In my previous blogpost I spoke about how A Way of Passing Time became a way of responding to an unforeseen global crisis that meant we have had to reimagine what Polmont Youth Theatre is – and can be. I explained how this letter writing project proved that this is possible, that connection and a sense of community can be built through writing. I reflected on how this reminded me of the importance of being a responsive practitioner, continuously reflecting on and adapting what it is that I do.
I am incredibly excited to announce that alongside our letter writing project A Way of Passing Time, we are launching a new project in Polmont this week! In Tune is a weekly radio show that will have the potential to engage with all the young people in Polmont – which has up until this point been impossible because of the limitations of space, time and resources. It is maybe a cliché to talk about thinking outside the box – but our reimagining of what the engagement could be at this moment in time has really allowed us to do exactly that, to discover new ways of making and connecting with more people than ever. In Tune is a programme made specifically for the young people in Polmont and focuses on creating a variety of engaging content. The young people are at the heart of this new project – where their engagement and involvement with the programme predicts what we play, who we speak to and what we talk about. The first episode launches this week, focusing on the theme of Journeys – playing music requested by members of Polmont Youth Theatre, engaging the listeners in a creative mapping task, an interactive quiz and a special interview with our patron Gary Lewis.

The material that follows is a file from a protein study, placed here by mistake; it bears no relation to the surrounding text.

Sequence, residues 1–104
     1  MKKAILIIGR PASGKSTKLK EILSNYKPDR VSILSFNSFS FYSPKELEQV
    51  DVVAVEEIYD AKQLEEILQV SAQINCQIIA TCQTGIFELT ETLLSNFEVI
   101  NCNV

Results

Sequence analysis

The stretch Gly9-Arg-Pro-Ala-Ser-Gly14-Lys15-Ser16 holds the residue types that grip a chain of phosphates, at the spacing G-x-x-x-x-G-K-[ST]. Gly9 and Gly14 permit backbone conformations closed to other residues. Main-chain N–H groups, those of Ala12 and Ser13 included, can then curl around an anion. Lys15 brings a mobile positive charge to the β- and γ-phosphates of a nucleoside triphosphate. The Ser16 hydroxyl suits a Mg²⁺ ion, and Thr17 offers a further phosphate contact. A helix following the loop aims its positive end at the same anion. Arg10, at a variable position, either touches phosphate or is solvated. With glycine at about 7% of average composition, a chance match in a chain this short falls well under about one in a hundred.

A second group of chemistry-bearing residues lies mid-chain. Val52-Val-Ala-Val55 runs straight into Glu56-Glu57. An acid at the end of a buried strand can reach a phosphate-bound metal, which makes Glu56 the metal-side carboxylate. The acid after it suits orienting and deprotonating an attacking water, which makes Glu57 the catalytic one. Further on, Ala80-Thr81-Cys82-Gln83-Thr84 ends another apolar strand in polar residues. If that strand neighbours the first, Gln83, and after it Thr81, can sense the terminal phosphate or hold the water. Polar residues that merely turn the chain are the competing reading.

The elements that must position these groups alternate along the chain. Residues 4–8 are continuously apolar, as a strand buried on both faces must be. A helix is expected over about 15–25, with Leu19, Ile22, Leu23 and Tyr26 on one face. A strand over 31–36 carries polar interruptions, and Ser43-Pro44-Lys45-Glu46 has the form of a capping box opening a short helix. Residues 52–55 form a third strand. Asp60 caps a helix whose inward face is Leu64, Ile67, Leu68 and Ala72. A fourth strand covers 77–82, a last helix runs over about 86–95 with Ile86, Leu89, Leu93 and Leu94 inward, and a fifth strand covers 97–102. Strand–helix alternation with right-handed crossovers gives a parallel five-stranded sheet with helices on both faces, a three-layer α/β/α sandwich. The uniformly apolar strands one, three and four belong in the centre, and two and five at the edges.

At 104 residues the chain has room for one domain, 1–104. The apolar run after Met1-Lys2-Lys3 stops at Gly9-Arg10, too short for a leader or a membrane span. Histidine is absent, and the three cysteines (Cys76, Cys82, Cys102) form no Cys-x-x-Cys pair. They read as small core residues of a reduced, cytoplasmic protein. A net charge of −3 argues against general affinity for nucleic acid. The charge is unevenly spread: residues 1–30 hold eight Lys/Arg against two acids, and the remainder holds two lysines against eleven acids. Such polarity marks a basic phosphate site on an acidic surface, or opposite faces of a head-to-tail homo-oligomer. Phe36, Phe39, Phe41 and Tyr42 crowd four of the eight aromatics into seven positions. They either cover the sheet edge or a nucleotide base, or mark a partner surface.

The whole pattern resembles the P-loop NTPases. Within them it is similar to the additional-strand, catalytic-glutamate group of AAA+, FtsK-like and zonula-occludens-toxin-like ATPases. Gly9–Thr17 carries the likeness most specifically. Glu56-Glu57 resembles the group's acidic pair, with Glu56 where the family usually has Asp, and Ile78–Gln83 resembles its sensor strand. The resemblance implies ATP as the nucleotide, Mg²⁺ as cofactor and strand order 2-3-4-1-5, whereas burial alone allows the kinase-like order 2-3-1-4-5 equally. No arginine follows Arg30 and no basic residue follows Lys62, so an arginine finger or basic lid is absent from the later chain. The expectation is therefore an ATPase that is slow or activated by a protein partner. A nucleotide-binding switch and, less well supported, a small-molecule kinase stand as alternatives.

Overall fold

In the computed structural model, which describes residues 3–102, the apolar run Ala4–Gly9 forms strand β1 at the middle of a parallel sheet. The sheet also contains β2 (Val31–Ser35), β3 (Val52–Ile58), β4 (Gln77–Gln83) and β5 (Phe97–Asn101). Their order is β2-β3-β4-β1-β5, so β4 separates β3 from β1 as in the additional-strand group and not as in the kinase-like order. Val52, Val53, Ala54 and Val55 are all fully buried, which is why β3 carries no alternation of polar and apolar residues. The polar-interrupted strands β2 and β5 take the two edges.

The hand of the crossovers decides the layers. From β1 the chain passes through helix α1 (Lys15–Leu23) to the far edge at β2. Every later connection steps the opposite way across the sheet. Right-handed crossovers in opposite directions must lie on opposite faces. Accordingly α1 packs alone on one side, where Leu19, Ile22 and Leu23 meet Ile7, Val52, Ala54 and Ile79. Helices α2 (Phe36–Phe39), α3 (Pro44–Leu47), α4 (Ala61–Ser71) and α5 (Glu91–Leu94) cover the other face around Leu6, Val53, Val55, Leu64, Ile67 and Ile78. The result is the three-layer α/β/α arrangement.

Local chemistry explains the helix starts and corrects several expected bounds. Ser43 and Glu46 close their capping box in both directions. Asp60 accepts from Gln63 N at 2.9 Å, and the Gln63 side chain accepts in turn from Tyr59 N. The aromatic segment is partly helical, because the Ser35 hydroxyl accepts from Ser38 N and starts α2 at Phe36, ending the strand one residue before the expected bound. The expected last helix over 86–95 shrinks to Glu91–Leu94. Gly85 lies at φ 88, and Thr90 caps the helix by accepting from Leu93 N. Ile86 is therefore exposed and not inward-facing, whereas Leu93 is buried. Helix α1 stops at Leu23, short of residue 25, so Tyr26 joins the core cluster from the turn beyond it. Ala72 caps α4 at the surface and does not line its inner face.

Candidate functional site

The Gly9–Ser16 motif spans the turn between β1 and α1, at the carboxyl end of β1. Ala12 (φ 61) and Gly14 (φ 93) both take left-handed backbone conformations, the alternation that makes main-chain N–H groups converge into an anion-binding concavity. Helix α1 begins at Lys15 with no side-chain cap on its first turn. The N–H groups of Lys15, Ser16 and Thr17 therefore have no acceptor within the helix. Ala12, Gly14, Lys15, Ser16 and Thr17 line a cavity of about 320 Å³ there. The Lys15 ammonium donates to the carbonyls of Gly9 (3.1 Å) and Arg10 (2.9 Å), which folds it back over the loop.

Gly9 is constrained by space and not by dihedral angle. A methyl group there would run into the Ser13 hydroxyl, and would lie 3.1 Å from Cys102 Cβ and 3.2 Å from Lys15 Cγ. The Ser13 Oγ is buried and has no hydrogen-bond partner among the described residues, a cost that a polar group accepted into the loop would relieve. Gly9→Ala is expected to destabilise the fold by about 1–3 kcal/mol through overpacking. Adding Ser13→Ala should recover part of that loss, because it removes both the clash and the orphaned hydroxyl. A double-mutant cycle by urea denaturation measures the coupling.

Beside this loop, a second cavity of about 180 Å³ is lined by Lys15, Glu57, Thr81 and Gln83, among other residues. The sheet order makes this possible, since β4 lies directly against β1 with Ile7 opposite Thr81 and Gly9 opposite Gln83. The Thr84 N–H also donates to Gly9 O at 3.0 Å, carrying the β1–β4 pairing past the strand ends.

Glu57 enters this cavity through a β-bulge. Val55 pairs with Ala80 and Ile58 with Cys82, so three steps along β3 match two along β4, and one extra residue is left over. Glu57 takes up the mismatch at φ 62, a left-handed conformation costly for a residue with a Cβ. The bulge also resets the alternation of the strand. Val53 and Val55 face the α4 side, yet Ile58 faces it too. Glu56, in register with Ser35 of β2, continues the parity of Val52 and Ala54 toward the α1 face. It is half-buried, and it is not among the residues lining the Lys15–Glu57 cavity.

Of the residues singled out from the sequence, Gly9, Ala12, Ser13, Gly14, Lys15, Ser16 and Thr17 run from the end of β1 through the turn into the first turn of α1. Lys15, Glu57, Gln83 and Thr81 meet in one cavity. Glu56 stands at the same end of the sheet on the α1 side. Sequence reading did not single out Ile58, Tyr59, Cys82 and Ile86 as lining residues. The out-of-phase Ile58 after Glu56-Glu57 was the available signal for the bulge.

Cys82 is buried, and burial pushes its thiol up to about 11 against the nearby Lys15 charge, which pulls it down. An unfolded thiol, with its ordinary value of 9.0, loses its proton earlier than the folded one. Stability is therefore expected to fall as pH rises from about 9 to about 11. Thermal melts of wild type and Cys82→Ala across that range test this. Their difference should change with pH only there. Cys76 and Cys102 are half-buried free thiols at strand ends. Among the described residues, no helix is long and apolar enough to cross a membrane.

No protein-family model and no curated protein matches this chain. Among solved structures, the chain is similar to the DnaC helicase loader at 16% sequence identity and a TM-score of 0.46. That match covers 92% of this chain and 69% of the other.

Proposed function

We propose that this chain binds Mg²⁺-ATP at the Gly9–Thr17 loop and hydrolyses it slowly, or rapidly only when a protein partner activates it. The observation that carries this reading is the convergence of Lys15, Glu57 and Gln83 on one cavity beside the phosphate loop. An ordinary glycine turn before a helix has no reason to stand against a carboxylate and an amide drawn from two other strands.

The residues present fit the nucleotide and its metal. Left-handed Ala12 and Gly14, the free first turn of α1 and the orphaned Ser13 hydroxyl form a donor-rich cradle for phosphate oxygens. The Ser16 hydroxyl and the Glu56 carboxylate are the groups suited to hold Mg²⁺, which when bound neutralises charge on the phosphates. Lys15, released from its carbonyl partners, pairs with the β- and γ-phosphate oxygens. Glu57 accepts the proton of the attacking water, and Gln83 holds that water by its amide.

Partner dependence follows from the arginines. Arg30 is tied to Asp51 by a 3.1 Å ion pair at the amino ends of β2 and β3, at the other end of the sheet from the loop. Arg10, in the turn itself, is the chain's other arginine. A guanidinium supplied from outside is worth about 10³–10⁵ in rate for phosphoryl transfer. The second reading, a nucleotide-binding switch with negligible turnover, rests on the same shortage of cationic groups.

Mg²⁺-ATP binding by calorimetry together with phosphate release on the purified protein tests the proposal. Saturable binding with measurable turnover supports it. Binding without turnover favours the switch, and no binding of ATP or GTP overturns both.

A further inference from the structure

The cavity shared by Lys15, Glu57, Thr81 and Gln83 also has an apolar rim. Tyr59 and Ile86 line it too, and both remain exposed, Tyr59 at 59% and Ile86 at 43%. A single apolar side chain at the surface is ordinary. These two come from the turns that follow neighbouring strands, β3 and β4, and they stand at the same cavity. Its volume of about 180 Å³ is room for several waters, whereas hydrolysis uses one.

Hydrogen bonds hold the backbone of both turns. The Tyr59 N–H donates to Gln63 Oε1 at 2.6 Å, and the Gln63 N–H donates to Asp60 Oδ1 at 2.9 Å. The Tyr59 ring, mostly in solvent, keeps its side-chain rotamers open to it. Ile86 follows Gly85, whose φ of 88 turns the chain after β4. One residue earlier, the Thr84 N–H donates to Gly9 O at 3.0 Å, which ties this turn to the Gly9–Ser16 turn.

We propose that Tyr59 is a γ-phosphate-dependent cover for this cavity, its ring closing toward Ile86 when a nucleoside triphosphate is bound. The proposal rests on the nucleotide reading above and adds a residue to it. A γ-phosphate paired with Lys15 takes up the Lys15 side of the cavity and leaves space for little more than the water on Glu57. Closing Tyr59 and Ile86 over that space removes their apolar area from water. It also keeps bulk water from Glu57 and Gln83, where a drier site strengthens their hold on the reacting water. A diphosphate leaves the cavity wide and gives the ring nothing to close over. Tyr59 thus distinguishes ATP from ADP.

What is particularly exciting about this project is how it allows us to do connect with so many young people in a way we have never been able to do before – and perhaps would never have thought of doing, had it not been for this unprecedented moment in time. This has made me reflect and consider what else can be re-imagined and how my ability to respond as a practitioner holds so much more weight, is somehow much more immediate and obvious.
My hope is that in a few months’ time, when we are back in a space together – having re-imagined a new way of shaking hands– we will return to sharing ideas, opinions and conversations. We will make together again and have a laugh, but we will also have a new felt understanding of what it is that we do, what it is that we can do and the importance of the community we have built in Polmont Youth Theatre.
Gudrun Soley Sigurdardottir
Lead Artist Polmont Youth Theatre